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Obituary: British game development pioneer Mike Singleton
Obituary: British game development pioneer Mike Singleton
October 16, 2012 | By Mike Rose

October 16, 2012 | By Mike Rose
More: Console/PC, Business/Marketing

Mike Singleton, best known as the developer behind well-regarded video game titles in the 1980s including The Lords of Midnight, and an important figure in early Britsoft, passed away earlier this month. He was 61.

According to a post on GiantBomb, Singleton lost his battle with cancer on October 10. A blog post by Christopher Jon Wild, who was working with Singleton on an iOS version of Lords of Midnight, confirms the news.

The industry veteran developed numerous notable titles for 8-bit platforms in the 80s, while also later creating titles for 16-bit platforms. Some of his best known work includes Doomdark's Revenge, Dark Sceptre and Carrier Command.

His classic Midwinter series garnered huge praise at the end of the 80s and into the 90s. After the turn of the millennium, he was also involved in development of titles such as GRID and Gauntlet: Seven Sorrows.

Wild said Singleton's game Lords of Midnight was "one of the greatest, but overlooked games of all time, by one of the best, but under appreciated developers, there has ever been."

Other developers took to Twitter to leave messages about Singleton's passing. Twisted Pixel's Dan Teasdale called the news "A great loss," noting that Midwinter 2 made him want to create games.

Elsewhere, Halo 4 lead designer Brad Welch said, "Midwinter was a defining game for me back on the Amiga," while Miles Jacobson, studio director at Sports Interactive, added, "Very sad to hear of the passing of Mike Singleton whose games I enjoyed very much as a youngster and an oldster."

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Jamie Mann
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Ack. Mike Singleton truly was a pioneer of the industry, not least when it came to his early games on the Spectrum. He will be missed

Jeff Murray
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Sad news. Goodbye to a truly legendary game designer.

Richard Browne
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Mike didn't design Carrier Command, that was the chaps at Realtime (Ian Oliver, Andy Onions and Graeme Baird). Mike was a complete pioneer in the early days of the ZX80, 81 and Spectrum ; he was a complete genius and I was very fortunate to have worked with him for many years. He will be missed by many.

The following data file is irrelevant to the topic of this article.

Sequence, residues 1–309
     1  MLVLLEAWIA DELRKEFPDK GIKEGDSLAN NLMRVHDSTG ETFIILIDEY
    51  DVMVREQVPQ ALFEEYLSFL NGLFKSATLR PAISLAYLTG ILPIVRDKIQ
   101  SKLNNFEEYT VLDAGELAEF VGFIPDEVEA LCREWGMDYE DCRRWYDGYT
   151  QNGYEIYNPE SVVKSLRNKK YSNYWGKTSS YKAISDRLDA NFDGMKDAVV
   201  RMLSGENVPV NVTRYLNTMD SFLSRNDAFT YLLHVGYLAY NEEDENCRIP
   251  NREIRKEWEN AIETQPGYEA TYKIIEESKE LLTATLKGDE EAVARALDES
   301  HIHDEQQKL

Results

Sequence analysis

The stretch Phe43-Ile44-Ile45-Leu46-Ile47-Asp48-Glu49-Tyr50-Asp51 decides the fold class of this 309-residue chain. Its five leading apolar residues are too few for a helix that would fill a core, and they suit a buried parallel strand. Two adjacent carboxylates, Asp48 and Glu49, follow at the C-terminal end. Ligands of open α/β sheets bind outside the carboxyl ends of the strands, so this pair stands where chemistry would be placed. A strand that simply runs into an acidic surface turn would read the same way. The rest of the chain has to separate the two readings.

Olivier Riedo
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Christian, you (well, and I) remember it as a Singleton game probably because it followed some of the same core principles: a wide open world where an enemy is progressing and you have to gather the resources you can to stop it in its tracks. It lacks, however, the recruitment aspect that was so characteristic of Lords of Midnight and Midwinter.

Mike and his games always were an inspiration to me. We have lost a visionary.

Paul Barrass
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tragic, but inevitable. Denis Ritchie, john mccarthy. All of the early computing pioneers are reaching their last break point. Exitting the loop. Life.Exit(), etc.
I think the best thing that each and every one of us can do is to carry computing and gaming on in their spirit. Finding clever solutions (Mikes work on memory management for LoM graphics was phenomonal and scientific, especially considering that he was basically inventing semi-perspective landscaping as he went. I had an article by him back in the day which was inspiring as it was beyond my capabilities to understand at the time), and entertaining and educating the world.